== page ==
After the Lord’s Prayer we say a Hail Mary. Lots of times Mama doesn’t even take a break, no, she starts the next prayer right away, even if we’re still saying deliver us from evil. Then we say a prayer for Imuka. He was the seventh one of us. He died back in Debrecen the same day Mara was born. Imuka had leukemia, which is why he couldn’t stay alive. Anyone with leukemia when they’re two years old can’t be alive anymore. They told us in the clinic in Debrecen that it’s incurable. Mama didn’t believe it at first, no, she figured that she could pray her way out of Imuka’s incurableness, just like she did Priest from his spine problem. The doctors said Priest would never be able to walk again; and they even stuck him into this plaster splint he had to stay in for two whole years. Then Mama prayed his way out of it, after all. She couldn’t pray Imuka’s way out of leukemia, though. But she didn’t cry at the funeral. I wasn’t alive yet, so I know that from Nanny, who also said that during the whole funeral Papa never stopped trembling.

If I hadn’t gotten sick, we’d be praying for our dead brother right now back in the Bombshell Villa:

Lord, let Imuka’s innocent soul, which did not yet know sin, be close to You, for this was Your will. You saw to it that he should not come to know better the world in which we must live. You spared him from having to find his way back to You through temptations; accept his suffering into your boundless dominion, for only You can know why you chose him for this early sacrifice. Amen.

It’s really Mama who says this prayer. We say only the bits about suffering and accepting Imuka into your boundless dominion or his being innocent—and we don’t even say those bits at the same time, because every night Mama comes up with a different prayer for Imuka’s soul, so we can’t remember just one prayer. But we do say the Amen together, drawing out the A sound really strong, and then we laugh to ourselves, just like other times. Mama laughs along with us, meaning she forces a smile to her face, figuring that if she does so, her face will change. But she can’t fool us even in the dark, and especially not in candlelight: her voice is so faltering as she says keep the laughing down that we can tell she’s crying to herself again. But we can see it and especially feel it so much, just like other times, when her stare seems so distant, that we’re practically scared of her. Then Mama stands up, blows out the candles, says good night, and goes out to the kitchen.

As soon as we’re left alone, we stop laughing. All of us make as if we fall asleep just like that. The neighbors’ dogs are barking. They’re talking, we’re not. And then, after a while, everyone really does fall asleep—everyone except me. No, I’m thinking that if Imuka hadn’t gone and died back in Debrecen, maybe I wouldn’t have gotten sick, either. The problem was, I started becoming like him, all pale, I mean. It began a few months after Socks almost cut off my thumb. When I was around five years old, I began getting all white. Especially my face. Not that I remember this, no, I was told about it later on. At the sanatorium up in the hills on the Buda side of Budapest, I couldn’t even tell my roommates why I had to be there. Sure, Nanny told me when she visited that Papa and Mama had me taken up there so I get stronger, and that the doctors at the Debrecen clinic said that only fresh air would help me. I always forgot that, though. But now I know that fresh air heals. That’s why we live here in this village, Pomáz, in the Pilis Hills. These hills won’t let me die. My complexion is better already.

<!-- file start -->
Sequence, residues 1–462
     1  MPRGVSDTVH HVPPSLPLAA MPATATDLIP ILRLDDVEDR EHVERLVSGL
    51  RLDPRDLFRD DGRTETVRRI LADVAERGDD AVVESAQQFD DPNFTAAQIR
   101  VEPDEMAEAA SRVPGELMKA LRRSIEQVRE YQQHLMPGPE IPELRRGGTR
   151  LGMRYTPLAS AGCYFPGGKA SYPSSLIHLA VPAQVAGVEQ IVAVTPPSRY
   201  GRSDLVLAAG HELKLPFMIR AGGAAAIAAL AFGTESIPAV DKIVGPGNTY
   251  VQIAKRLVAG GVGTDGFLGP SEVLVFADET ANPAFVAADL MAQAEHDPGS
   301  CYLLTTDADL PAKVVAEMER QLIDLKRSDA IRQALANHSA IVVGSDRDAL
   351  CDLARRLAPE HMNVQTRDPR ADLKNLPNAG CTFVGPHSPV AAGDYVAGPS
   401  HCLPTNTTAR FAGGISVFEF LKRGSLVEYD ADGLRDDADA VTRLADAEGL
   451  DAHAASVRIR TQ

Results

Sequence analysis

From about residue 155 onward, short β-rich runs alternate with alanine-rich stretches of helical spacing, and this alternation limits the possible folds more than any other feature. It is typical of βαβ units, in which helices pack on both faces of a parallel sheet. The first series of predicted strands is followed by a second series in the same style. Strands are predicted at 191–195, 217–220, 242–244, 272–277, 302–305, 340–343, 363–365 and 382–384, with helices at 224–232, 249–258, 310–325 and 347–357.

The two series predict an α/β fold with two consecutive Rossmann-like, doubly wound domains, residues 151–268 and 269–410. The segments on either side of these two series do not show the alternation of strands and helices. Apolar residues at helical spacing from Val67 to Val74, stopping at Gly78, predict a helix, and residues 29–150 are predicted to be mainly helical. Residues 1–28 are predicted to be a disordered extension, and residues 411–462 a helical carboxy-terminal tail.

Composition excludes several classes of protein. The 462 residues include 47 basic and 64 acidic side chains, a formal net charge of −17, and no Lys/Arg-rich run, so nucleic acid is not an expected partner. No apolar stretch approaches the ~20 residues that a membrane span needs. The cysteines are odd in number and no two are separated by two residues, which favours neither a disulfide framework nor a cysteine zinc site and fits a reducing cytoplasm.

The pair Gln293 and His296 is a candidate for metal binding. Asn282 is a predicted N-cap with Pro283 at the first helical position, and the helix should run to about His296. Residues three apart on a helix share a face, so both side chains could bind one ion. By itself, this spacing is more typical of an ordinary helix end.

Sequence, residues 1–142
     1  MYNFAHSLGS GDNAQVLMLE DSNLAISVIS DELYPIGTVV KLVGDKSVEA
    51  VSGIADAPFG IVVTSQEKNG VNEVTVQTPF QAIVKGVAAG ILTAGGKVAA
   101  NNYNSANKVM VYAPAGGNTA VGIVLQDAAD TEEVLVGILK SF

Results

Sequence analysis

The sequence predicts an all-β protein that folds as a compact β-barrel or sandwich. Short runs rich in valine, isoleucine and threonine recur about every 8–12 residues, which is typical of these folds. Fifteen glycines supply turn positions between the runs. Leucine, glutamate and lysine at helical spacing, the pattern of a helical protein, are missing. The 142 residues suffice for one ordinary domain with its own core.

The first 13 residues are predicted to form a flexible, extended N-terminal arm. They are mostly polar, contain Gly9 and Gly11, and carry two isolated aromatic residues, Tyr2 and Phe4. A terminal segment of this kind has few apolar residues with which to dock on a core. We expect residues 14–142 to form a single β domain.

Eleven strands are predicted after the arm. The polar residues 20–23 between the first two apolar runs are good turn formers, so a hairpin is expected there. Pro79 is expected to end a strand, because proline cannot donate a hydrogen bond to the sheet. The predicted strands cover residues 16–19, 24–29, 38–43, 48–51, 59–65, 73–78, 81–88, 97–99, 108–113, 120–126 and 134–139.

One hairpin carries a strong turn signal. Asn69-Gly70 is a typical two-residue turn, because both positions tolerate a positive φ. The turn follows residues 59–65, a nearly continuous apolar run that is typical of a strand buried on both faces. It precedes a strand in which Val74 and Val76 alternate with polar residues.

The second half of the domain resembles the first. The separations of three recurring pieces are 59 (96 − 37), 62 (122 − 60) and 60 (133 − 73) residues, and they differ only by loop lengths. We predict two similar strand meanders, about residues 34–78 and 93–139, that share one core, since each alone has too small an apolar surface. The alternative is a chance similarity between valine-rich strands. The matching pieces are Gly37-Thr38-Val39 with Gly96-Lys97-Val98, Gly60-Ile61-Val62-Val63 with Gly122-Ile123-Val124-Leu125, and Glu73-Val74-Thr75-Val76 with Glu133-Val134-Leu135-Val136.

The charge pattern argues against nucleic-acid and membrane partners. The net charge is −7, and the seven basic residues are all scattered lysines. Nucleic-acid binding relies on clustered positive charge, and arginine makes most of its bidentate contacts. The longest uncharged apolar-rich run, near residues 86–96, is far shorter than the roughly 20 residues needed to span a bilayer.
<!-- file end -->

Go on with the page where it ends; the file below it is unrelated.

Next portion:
But if Imuka hadn’t gone and died, Mama and Papa no doubt wouldn’t have gotten so scared about my face, and about me not wanting to get out of the iron-frame bed. Sometimes I just lay there for weeks. One time, when Teeter and Benjamin and I were in the closet, I saw myself lying there in the iron-frame bed; I have no idea how that can happen. It’s also strange that I can hardly remember the sanatorium. If, for example, Nanny hadn’t come to visit me there every two weeks, maybe I wouldn’t even remember that I was ever there, though it’s only been about two years that they let me out. Besides me letting out sounds to pretend I’d fallen asleep, all I can remember is that someone or other took away my chocolate, but I wouldn’t even be able to say where I was when that happened. Nanny was the one who told me that we’re moving to the hills north of Budapest. “You’ll see, little piggy,” she said, “we’ll be going to live in Pomáz before long, and then you can come out of the sanatorium.” She said this while holding my hand—my good hand, I mean, since I don’t let anyone hold my other hand, not even Mama. If we really get the loan, we only have to put up with a few more months of this, and then we can move into the Big House. There, each one of us will have our own bed. And we’ll have a bathroom, too. We’ll take baths in a real tub. This is on my mind almost every night. When I think of water, sleep usually comes easier.

(translated by Paul Olchváry)

Elnézést, a hozzászólás ezen a részen nem engedélyezett.